We have wars and rumours of wars, and the end has not come yet. In Florida a war of extermination has been waged for the year past, but with little credit to the US troops. Texas has finally regained her liberty, from the last accounts Santa Ana was taken prisoner and his army destroyed, by Gen. Houston (of Tennessee). Whether Texas will become a part of the United States is not yet known. The Northern States are opposed to it fearing a balance of power to the South.

From late southern accounts we are likely to have trouble with the Creek Indians. A general rising is feared, hostilities have commenced and that injured nation seem disposed to wait no longer for the tardy justice of their pale faced brethren. That they have been egregiously imposed upon, no one but some designing politician or land jobber will deny. If in conjunction with the Indians the Negroes should raise the Southern States will be placed in a precarious situation, which is much to be feared. Efforts are being made for a general emancipation, but that is opposed by the South and many at the North and recommend colonization. A war of words is raging between the parties, but the emancipators seem to have the best of it, but still are far from effecting their object. Friends have sent several memorials to Congress on behalf of the Negroes but little has been done in that body towards relieving them. One a short time since sent from Philadelphia is highly spoken of for its mildness yet firmness.

Lydia P. Mott has been very unwell during the past winter, has spent most of her time in this place with her sister Stansbury at present she is at Cornelius Week's, Scipio. Arthur and Ansel frost are driving speculations ad infinitum.

The horse thou enquired after is in Brother Henry's possession and is a very fine one, worth from $100 to 125 dollars.

Thos Bradbury is extensively engaged in manufacturing carriages and as far as I have heard is doing well. he resides at Canandaigua.

The idea of Joseph Tallcott's being the first to start Temperance Societies in this country is erroneous. The Society at large have for years been a Temperance Society and other societies seeing the good effect of their practice, began to form associations. Shortly after the priests seeing it like to become a popular thing took hold of it and have carried it to that extent, that it has almost become a byword. No alterations of importance among our friends at Skaneateles. Chas Lawrence moved to Ohio and lost his wife. I have had a son born to me the last winter who we have called after his uncle Arthur Merritt, he is a fine boy and thou may naturally suppose we are very proud of him. Write as often as thou can, for thy letters are always very acceptable.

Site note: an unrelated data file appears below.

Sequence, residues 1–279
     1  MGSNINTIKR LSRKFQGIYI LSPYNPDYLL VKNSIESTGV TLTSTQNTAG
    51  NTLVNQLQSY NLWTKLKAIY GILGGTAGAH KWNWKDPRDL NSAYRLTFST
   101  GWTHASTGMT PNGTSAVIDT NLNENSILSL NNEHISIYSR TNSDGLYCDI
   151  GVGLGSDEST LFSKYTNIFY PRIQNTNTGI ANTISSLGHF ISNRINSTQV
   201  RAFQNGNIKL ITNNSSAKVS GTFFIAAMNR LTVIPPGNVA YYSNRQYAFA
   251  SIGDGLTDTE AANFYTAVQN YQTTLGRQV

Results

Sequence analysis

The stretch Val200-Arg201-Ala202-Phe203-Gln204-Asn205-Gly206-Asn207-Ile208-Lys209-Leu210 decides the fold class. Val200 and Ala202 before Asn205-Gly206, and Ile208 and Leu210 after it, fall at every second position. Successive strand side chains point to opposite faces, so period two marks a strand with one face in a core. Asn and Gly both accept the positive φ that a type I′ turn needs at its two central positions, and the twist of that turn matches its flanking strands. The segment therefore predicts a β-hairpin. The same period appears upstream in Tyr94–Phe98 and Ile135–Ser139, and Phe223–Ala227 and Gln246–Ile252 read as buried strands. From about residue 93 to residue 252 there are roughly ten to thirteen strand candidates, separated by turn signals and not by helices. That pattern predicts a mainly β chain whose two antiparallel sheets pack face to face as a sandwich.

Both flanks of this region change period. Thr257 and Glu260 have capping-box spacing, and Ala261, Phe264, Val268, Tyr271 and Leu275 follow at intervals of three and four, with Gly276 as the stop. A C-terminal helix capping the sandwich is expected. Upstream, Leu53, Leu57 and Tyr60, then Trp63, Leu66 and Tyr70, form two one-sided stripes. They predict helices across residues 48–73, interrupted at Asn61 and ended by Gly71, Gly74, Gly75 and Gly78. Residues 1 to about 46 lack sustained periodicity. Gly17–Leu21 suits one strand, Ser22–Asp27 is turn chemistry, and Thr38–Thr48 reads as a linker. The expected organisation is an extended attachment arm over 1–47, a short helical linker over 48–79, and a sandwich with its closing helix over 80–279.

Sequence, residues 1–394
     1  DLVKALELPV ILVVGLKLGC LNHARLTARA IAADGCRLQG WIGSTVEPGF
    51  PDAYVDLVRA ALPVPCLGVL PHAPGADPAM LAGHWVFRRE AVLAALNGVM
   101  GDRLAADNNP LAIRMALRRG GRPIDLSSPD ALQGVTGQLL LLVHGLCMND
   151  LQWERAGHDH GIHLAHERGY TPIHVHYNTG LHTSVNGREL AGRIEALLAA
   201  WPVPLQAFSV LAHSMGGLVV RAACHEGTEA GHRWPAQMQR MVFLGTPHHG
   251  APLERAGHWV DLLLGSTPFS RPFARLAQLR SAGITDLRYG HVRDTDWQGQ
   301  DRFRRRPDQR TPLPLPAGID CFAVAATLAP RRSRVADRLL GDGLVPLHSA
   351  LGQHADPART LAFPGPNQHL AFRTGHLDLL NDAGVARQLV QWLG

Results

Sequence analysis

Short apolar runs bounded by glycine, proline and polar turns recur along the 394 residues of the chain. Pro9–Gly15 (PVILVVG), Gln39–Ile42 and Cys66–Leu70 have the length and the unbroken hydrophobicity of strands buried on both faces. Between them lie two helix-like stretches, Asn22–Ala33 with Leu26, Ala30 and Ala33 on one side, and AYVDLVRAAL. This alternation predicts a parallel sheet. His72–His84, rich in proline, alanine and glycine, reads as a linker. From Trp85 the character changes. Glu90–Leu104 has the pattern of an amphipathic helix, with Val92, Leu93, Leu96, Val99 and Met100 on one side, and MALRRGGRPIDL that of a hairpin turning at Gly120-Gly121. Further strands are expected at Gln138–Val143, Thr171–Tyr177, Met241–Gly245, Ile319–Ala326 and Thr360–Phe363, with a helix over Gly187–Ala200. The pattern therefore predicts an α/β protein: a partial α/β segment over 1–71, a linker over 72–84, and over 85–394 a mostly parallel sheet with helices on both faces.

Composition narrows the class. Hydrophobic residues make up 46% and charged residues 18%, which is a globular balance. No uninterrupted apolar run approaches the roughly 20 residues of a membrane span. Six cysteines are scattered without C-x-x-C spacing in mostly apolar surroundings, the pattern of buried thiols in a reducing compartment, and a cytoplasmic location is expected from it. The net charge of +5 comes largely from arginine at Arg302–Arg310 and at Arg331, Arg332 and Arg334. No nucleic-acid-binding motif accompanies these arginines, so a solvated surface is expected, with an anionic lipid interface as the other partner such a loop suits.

Thy friend most sincerely

Daniel F. Cock

Mister Jint is a man of amazing gentility;

He took lessons in taste from a chief of the Pawnees;

He then came to Cheshire to spread his ability

And squatted down here as the Prince of the Journies.


Nature made him an Ass, his Pa made him a Doctor;

And the two things united have formed an odd Mule;

Of thoughts in high Dutch he's a mighty concoctor,

But his speech is no more than the bray of a fool.


He's a beetle in brain, and a Dodo in gait;

With a coat that a Hottentot would not acknowledge;

And in riding or walking he looks so sedate;

As if just dubbed the chief of an Indian College.


To curse him more deeply than nature intended,

Some Imp in a dream whisper'd - "Jint be a wit:"

And some raving and slavering follow'd, which ended,

In the poor creature's faith in a poetic fit.


He star'd and look'd wild in contortions most awful;

And almost in agony spoke what he meant;

But his brain being barren he took steps unlawful,

And stole a stray thought that he could not invent.


After lab'ring for weeks in a furor divine,

Sad was the scene; the catastrophe just;

He brought forth a leaf that he call'd sibylline,

But the small stock of brain that he had went to dust.


And yonder he lies! A sad proof that a wit,

Can't be made of materials so gross - and alas!

Beneath are the lines that he wrote in his fit,

Oh read them and sigh! - they're the words of an Ass.

• Mr Gent




Ivy Cottage

June 26th 1838


My dear Mr Gent,